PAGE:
An Ordinary Life

American society places an enormous amount of pressure on children to be extraordinary. You know what I’m talking about.

Prodigies. Child business owners. Child actors. Self-possessed teens who quit school at 16 to go build an empire or play guitar. Toddler musicians. Anyone who followed their hearts desires, persevered, and became famous at the last second.

You know, those people who, by virtue of their birth and inborn talents or with the kind of family support that most people can only dream, somehow get catapulted into the public limelight as a paragon of ingenuity or talent or success. Or all three.

Then there are the rest of us.

I include myself in this category. I have not found my life’s work’s calling. I have not switched into that mode where I am utilizing all my strengths to put forth a confident version of myself in the public life we call employment, whether artistic or otherwise. In comparison with the rest of the American public, no one knows me because I do not stand out.

Truthfully, I am OK with that.

All my life, I have desired to find the one thing that I could do to bring myself into the realm of the extraordinary. I did not want it because I wanted to be better than anyone. But I deeply desired the kind of commitment and the experience of flow that people who know where their hearts lie experience.

Here are some things I truly enjoy: Being with my family, friends, husband, and cats. Working out at the gym. Being outside. Walks on the beach. Riding my bike with my husband.

I hate that this world asks us to look at the things and activities that we love the most and find ways to make money out of them. Being paid to do the things we love means we enjoy them less. It’s called the Over-justification Effect. External rewards reduce one’s internal enjoyment of a particular task.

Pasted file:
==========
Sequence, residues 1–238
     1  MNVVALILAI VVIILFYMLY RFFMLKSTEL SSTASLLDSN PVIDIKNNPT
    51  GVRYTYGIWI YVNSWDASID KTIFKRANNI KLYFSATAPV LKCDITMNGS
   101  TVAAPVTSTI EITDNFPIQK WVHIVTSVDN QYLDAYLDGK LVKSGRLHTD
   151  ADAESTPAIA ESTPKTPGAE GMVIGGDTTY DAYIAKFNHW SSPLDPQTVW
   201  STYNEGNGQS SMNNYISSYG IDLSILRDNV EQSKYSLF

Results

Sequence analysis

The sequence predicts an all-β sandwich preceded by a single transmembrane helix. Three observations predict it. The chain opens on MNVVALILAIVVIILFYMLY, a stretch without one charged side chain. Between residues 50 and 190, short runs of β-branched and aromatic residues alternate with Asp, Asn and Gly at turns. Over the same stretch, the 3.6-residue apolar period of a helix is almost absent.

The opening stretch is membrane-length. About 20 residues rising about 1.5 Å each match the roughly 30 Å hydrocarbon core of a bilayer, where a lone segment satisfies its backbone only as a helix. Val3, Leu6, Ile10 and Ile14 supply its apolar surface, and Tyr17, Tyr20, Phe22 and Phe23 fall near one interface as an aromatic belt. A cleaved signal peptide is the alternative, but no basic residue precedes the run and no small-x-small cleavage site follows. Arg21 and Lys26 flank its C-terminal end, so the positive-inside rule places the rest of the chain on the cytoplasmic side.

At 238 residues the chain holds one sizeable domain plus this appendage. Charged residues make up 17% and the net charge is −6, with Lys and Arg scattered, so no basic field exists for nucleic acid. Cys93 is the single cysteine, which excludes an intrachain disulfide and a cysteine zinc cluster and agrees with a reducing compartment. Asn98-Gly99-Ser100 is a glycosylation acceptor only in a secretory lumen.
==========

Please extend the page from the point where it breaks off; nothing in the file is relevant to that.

If I am asked to spend 40 hours a week working, then I cannot think of a job as just a job. The need to truly enjoy the work increases, but the likelihood that the enjoyment will be as much as it can be is reduced. So I am stuck. I have tried a couple of different routes, but my heart wasn’t in it.

This year, I took on writing, and I am failing, by my own standards. However, I also wanted to get healthier, and I seem to be having success in that area by regularly committing to working out. But no one’s going to pay me to go to the gym and feel good.

Right now, I am not working outside the home. I am in a situation where it is not required so I can concentrate on getting healthier. I want to be able to give it my all, but my fibromyalgia pains suck so much energy out of me that doing is not possible. Without real health, I will chronically be exhausted as I work, and that’s no way to live, in my opinion.

I have not completely accepted that I am an ordinary person who will live this life only as ordinary. I grew up hearing about how smart I was. But being smart is not the sole answer to make it or living a happy life. Intelligence is not the only means by which goals can be achieved.

And thank goodness! Otherwise, the world would be quite the boring place.

 

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